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UUs make lifestyle changes for 40 days

Campaign honors 40th anniversary of Earth Day.
By Donald E. Skinner
6.7.10

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Cathy Reich

Cathy Reich, of the UU Fellowship of Missoula, Mont., is preparing vegan "meat" as part of the 40/40/40 events at the fellowship. (Susan Eakins)

Jamie Johnson made a bold commitment April 18 to bake all of her family’s bread for the next 40 days rather than buying it, as a way of cutting down on packaging materials and food transportation costs. That made her one of hundreds of Unitarian Universalists who committed to a daily action for 40 days in honor of the 40th anniversary of Earth Day.

The 40/40/40 campaign (congregations were urged to involve at least 40 friends and members) was embraced by at least 45 congregations, said Rowan Van Ness, program associate for environmental justice for the UU Ministry for Earth, a coordinator of the campaign. The campaign ended May 27. The exact number of individual participants is unknown, but the 40/40/40 Facebook page had 809 fans. Results are still coming in.

UUs were asked to commit to lifestyle changes over the 40 days for the sake of the Earth, with the hope that many people would continue those changes after the campaign ended. Many of the changes involved food since one of the principal sponsors of the campaign was the UUA’s Ethical Eating Core Team. Ethical eating is a Study/Action Issue adopted by General Assembly delegates in 2008. UU congregations will study ethical eating issues until 2012.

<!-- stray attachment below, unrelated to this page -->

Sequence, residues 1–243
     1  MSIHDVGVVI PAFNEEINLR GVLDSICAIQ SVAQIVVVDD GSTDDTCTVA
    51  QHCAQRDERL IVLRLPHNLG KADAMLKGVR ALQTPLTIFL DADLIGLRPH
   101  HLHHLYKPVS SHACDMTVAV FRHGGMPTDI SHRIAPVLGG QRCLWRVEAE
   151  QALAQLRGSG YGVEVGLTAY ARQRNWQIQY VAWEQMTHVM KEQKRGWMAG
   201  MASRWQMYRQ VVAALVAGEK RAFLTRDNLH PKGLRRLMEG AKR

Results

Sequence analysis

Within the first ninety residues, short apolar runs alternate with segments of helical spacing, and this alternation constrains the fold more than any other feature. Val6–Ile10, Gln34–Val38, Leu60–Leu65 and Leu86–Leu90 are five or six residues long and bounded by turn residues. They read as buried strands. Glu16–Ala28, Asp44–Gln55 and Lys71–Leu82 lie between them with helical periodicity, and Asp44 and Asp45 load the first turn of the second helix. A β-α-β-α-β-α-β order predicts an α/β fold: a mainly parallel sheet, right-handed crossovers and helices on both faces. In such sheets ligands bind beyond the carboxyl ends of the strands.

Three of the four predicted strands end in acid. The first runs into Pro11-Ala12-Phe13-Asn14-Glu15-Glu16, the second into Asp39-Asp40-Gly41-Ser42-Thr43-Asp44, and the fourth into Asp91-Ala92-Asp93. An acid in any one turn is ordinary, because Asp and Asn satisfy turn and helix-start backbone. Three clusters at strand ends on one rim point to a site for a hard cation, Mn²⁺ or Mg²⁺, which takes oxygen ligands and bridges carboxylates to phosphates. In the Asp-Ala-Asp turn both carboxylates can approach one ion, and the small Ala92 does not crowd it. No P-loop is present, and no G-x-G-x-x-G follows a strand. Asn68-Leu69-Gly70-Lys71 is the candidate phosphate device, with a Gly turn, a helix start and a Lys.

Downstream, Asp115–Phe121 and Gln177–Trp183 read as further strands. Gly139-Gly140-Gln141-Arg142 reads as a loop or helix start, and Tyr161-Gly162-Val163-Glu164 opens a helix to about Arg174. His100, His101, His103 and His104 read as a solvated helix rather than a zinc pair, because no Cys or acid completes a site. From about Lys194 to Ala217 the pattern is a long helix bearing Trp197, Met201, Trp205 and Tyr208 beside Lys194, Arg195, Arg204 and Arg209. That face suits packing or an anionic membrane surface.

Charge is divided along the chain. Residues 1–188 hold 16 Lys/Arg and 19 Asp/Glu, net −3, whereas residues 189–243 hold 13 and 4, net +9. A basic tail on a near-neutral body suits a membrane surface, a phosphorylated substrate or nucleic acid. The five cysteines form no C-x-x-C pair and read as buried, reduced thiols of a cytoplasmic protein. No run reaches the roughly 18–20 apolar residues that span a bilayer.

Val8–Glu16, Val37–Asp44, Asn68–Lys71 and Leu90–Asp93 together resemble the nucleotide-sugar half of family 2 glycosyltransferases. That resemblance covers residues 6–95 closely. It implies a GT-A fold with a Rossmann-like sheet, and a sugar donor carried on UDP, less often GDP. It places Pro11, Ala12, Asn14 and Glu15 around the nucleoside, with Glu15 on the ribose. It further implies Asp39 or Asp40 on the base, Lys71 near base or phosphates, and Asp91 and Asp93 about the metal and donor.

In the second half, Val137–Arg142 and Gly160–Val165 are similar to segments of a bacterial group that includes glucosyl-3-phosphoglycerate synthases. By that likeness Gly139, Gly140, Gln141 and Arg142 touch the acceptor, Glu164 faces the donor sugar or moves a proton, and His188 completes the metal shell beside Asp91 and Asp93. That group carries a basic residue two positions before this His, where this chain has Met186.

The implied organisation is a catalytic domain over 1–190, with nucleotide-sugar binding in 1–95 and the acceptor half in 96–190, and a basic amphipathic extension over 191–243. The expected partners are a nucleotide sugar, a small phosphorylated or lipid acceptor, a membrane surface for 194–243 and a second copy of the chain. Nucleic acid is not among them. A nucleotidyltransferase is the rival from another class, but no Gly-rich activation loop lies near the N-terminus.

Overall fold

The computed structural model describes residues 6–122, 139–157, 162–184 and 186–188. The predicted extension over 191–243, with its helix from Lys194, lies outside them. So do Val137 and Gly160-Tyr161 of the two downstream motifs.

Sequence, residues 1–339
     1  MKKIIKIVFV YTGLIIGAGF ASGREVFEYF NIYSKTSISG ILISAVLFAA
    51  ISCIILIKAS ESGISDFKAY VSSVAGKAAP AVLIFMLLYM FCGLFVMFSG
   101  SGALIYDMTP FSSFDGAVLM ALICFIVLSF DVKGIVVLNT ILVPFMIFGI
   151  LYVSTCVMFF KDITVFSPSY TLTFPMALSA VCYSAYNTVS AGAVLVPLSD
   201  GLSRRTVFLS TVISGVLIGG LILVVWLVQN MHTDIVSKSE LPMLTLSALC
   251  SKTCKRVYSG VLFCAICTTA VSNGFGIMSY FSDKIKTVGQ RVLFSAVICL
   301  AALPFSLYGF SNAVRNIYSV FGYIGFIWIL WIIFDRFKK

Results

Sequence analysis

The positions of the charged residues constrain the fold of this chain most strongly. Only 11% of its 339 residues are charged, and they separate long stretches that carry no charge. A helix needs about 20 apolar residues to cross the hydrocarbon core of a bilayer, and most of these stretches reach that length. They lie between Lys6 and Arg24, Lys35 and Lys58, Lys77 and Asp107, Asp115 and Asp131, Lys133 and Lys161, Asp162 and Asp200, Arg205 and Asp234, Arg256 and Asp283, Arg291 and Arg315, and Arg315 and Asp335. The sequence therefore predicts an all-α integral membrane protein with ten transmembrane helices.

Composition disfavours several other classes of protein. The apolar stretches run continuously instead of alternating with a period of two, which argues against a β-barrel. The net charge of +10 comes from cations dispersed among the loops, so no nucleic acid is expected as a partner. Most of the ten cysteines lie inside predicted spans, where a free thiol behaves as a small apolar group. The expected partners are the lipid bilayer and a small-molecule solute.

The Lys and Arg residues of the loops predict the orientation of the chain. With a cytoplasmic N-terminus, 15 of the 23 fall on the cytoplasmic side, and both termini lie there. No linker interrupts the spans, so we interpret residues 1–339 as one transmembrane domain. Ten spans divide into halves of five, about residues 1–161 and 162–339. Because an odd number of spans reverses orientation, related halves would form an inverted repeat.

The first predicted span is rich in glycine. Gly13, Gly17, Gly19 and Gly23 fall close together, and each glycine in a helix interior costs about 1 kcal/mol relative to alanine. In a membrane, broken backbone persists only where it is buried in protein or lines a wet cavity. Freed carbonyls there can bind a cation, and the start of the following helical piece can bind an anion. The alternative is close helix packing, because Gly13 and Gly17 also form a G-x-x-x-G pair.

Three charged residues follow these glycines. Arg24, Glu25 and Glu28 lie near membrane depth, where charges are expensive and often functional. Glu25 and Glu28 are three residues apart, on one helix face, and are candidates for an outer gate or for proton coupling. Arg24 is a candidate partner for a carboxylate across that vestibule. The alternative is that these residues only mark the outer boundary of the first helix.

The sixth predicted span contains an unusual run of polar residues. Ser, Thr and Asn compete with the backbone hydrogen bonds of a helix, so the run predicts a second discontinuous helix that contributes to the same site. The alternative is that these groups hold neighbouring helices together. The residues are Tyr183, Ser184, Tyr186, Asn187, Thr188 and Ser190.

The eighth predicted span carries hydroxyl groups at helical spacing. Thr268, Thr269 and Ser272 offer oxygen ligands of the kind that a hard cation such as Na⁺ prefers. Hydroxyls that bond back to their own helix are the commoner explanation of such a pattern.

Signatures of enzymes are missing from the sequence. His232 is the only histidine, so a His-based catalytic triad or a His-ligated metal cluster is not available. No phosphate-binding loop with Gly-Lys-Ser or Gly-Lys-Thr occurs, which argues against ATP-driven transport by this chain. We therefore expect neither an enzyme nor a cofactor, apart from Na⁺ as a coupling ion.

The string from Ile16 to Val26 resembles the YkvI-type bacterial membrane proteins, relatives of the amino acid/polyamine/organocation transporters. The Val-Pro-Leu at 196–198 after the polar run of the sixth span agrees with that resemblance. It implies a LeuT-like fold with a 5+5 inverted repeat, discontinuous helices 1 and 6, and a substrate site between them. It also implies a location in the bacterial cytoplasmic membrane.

Johnson was one of 43 friends and members of the UU Church of Greater Bridgeport in Stratford, Conn., who made 40/40/40 pledges. Those pledges ranged from “plant a flower in some barren spot each day” to “start using cloth diapers.”

Jessica Mikes, coordinator of the efforts at Bridgeport, said she started the ball rolling by finding several people, including Johnson, who were willing to be involved and having them share their stories with the congregation on a Sunday morning. “They got up and just talked from the heart and the congregation took to that,” she said.

Johnson said her bread making turned into an “amazing experience.” She described how she spent her 40 days learning to make sandwich bread, pizza dough, piecrust, and rolls. Her experiences included spending a day with a woman from church who taught her to make bread, reaching out to an aunt who had Johnson’s grandmother’s bread recipes, holding a bread workshop at church, and discovering that her five-year-old twins liked her bread better than the store-bought kind.

Will she continue making bread now that the campaign is over? “Absolutely, although I won’t be as intense about it—and I won’t make soda crackers. Those were the worst!” She said the 40 days of bread making also became a good way to talk to non-UU friends “about who we are and what we stand for.”

Mikes, a vegetarian for 15 years, went a step further and became vegan for the 40 days, giving up all animal products, including dairy and eggs. She said she hasn’t decided if she will continue that. Her fiancé, Michael, began taking a coffee cup to work rather than paying the 50-cent a cup charge for refills in a disposable cup. “We figured out that will save us $390 a year,” she said.